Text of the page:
7 NOTE TO FACILITATORS AND LEARNERS: 1. The first grammar module,parts of Speech, presents information and exercises to accompany the objectives of BAU-ENG 6.5., Parts of Speech and IAU-ENG 2.1, Parts of Speech. 2. Sections of this module marked with an asterisk (*) should be completed by learners wanting to complete the BAU-ENG 6.5 objectives. 3. Learners working in IAU-ENG should complete all sections of this module. If they have previously completed the BAU-ENG programme, those sections marked with an asterisk should be reviewed. 4. Facilitators are free to use any support materials appropriate to their learners needs. 5. Additional resource materials may be required for those wanting more information on this topic or for those needing more practice mastering certain areas. 6. Alternate support materials may be appropriate. 7. Learners should be very familiar with the parts of speech before they attempt Module 6, Parts of the Sentence. 8. Grammar terms are not always consistent. Where possible, this module indicates alternate terminology and ways of handling specific grammar situations. Learners should be familiar with these, so that a wider variety of source materials are accessible to them. 9. The accompanying Practice Booklet contains exercises and an answer key in support of specific teaching points. Many exercises may, however, be used to practice identifying a variety of parts of speech. 10. Practice is essential to mastery of parts of speech. Learners will benefit from using their own writing, newspapers, magazines, and novels as a source for practice sentences. 11. The real purpose for learning grammar is to help learner write and speak as effectively as possible. 12. Do NOT write in this module. Please make your notes and complete the exercises in your own notebooks so that other learners may also use these booklets.
8 TABLE OF CONTENTS INTRODUCTION...1 WHAT IS GRAMMAR?...1 WHY STUDY GRAMMAR?...2 WHAT ARE THE PARTS OF SPEECH?...3 Nouns...4 Pronouns...5 Verbs...6 Adjectives...7 Adverbs...12 Prepositions...15 Interjections...17 Conjunctions...17 A CLOSER LOOK AT NOUNS...19 Rules for forming possessive forms...22 A CLOSER LOOK AT PRONOUNS...25 A CLOSER LOOK AT VERBS...37 Principle parts of the verb...42 Summary of verb tenses...47 Irregular Verb...48 A CLOSER LOOK AT ADJECTIVES...51 A CLOSER LOOK AT ADVERBS...52 A CLOSER LOOK AT PREPOSITIONS...56 CONJUNCTIONS...57 INTERJECTIONS...61 SOME COMMON GRAMMAR MISTAKES...62 CONCLUSION...63 FEEDBACK FORM...64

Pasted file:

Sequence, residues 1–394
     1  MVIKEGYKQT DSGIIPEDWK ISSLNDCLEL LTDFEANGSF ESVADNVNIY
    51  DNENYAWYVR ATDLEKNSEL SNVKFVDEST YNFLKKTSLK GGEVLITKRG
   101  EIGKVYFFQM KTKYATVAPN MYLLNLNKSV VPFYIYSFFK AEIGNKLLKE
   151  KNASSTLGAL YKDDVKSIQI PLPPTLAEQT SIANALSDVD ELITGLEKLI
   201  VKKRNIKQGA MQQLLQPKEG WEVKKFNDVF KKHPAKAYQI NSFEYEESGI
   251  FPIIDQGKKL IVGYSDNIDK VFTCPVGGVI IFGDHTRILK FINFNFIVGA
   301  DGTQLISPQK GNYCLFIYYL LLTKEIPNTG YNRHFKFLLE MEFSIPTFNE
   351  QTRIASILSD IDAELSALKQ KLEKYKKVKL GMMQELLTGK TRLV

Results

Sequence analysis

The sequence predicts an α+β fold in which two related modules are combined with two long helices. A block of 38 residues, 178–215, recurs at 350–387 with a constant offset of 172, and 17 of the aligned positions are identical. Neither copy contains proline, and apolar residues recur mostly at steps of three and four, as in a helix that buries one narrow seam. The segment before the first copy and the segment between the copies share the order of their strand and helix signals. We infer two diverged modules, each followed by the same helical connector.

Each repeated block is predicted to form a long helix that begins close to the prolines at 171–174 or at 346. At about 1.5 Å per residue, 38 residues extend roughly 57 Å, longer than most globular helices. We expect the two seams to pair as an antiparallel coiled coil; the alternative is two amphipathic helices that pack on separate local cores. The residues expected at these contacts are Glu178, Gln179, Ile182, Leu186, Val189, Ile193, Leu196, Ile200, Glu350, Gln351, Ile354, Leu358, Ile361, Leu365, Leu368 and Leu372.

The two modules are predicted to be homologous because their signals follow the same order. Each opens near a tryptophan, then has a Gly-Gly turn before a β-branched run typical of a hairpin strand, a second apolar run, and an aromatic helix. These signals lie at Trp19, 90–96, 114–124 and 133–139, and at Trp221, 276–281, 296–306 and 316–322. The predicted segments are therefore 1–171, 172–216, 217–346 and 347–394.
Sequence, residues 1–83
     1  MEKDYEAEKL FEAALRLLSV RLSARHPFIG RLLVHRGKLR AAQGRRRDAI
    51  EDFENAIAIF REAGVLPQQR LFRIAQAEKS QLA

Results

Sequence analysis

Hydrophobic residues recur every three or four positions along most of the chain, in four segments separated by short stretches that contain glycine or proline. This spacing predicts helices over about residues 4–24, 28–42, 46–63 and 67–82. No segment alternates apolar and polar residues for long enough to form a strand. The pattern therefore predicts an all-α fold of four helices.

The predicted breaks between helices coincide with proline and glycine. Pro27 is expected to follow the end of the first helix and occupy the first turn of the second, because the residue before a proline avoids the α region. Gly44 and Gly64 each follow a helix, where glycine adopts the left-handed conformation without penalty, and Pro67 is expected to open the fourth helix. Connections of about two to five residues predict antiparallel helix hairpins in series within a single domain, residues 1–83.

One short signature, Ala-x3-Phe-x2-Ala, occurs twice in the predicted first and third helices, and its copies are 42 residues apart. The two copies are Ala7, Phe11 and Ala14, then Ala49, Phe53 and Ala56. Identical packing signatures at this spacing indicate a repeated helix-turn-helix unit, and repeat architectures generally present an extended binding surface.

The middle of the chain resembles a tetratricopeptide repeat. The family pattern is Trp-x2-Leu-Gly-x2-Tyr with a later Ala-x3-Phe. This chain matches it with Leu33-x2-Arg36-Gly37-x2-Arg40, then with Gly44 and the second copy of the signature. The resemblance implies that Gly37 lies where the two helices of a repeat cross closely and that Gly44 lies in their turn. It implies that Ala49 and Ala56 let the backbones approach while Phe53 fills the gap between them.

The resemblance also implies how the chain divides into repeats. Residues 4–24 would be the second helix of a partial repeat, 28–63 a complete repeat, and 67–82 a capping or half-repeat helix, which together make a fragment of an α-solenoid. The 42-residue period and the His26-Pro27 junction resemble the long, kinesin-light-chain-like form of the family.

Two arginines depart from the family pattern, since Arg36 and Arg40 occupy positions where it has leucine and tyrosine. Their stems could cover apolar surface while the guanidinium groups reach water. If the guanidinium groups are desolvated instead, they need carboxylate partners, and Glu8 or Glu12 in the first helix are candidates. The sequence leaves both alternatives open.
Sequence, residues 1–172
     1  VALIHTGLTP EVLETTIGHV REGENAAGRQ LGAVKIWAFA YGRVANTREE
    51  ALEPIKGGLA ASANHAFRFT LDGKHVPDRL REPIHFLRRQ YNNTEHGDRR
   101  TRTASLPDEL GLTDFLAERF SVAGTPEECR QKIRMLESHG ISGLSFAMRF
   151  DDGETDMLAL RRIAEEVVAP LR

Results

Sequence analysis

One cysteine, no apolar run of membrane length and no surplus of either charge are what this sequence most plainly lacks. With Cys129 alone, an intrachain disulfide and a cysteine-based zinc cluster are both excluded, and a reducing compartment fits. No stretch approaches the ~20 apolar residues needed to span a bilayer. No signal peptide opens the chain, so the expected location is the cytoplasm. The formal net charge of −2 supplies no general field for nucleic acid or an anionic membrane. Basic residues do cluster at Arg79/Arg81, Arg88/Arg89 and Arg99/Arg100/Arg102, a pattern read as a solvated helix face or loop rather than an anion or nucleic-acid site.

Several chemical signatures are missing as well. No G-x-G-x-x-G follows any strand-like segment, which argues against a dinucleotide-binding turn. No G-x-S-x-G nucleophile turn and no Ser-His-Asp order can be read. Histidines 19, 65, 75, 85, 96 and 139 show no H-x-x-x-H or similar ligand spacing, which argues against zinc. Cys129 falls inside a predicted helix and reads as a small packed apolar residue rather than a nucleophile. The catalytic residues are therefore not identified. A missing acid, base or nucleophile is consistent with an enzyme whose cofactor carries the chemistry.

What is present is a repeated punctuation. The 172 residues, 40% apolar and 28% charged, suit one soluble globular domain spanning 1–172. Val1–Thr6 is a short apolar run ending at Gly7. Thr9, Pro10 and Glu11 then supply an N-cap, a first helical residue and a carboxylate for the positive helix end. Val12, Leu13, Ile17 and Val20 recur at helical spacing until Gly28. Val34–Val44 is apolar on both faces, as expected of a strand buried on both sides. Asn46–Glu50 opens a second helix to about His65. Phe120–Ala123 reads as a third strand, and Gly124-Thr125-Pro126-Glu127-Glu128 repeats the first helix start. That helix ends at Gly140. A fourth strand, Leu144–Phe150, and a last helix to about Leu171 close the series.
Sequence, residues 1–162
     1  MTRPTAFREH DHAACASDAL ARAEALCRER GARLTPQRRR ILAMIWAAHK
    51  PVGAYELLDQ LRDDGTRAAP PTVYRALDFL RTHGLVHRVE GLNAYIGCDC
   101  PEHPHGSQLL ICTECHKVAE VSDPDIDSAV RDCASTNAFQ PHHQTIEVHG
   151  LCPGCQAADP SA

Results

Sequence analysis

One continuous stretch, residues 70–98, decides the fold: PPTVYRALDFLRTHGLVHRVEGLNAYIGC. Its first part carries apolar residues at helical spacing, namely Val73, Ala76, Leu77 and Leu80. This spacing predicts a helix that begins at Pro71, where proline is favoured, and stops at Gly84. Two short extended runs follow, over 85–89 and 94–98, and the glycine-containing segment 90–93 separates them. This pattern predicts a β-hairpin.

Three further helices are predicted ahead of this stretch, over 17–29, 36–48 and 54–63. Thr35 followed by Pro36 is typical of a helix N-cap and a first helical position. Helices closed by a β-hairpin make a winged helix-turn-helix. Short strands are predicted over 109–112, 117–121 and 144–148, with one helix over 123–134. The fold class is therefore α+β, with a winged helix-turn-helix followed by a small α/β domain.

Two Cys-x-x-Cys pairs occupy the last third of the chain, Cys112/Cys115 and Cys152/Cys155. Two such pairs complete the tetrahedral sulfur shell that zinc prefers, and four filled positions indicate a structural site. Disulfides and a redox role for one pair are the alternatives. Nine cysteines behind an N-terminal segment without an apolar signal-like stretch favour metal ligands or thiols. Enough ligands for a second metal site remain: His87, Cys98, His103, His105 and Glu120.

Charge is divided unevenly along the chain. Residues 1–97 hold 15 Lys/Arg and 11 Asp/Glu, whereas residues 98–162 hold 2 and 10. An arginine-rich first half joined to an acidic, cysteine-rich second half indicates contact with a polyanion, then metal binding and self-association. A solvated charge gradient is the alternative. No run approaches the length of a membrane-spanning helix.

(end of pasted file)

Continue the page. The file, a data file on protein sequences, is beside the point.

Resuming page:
9 1 GRAMMAR: PART I PARTS OF SPEECH I INTRODUCTION This module is the first of three that focuses on the basics of English grammar you need to speak and write as effectively as possible. Everyone already knows a lot about grammar and uses it correctly most of the time. Whenever people read, write, speak, or listen, they are using their knowledge of grammar. How did they learn it? When they were learning to talk, they learned the names of things (vocabulary), the different forms of a word (sings, sang, singing, sung, songs), and they learned how to put them into sentences in the right order (syntax) so they would be understood and get what they wanted. A. WHAT IS GRAMMAR? Dictionaries define grammar as the rules and explanations which deal with the 1 forms and structure of words (morphology ), their arrangement in phrases and 2 sentences (syntax ), and their classification based on their function (parts of speech). Like many dictionary definitions, this makes grammar sound more difficult than it really is. Look at this picture, and then write a simple sentence (about 6 or 7 words) to explain what you see. Be sure to write the sentence in your notebook. 1 2 The root word morph means form. The etymology of syntax shows it meanings putting together.
10 2 Your sentence probably looks something like this. 1. The man is throwing the ball. 2. The pitcher is going to throw the ball. You might even have written 3. The ball is being thrown by the pitcher. Whatever you wrote, it probably include the word ball, the action throw, and a word that meant a man. You certainly didn t write Ball throwing man the the is. That wouldn t make sense and people hearing or reading your message would be confused. You wrote the sentence the way you did because you already know and use the basic rules of grammar. Here s what probably happened at lightning speed in your head. First, you saw the picture, and your brain understood the ideas the picture presented. Then you thought the names (vocabulary) for the things you just saw and arranged them (syntax) in an understandable order. Finally, you translated each sound in each word into letters (spelling) and wrote the entire sentence. In fact, you probably started your sentence with a capital letter and ended it with a period (punctuation). You see you really do know lots about grammar! B. WHY STUDY GRAMMAR? Although you do write good sentences most of the time, you may make a few mistakes. Studying grammar is really just learning a new vocabulary so that you can talk about and learn how to correct these mistakes. Understanding grammar also helps you write new kinds of sentences that are more effective and more persuasive. Speaking and writing correctly are very important. Usually the first impression someone, including a possible employer, has of us comes from what we say or write and how we say it. People judge us and our abilities by the way we use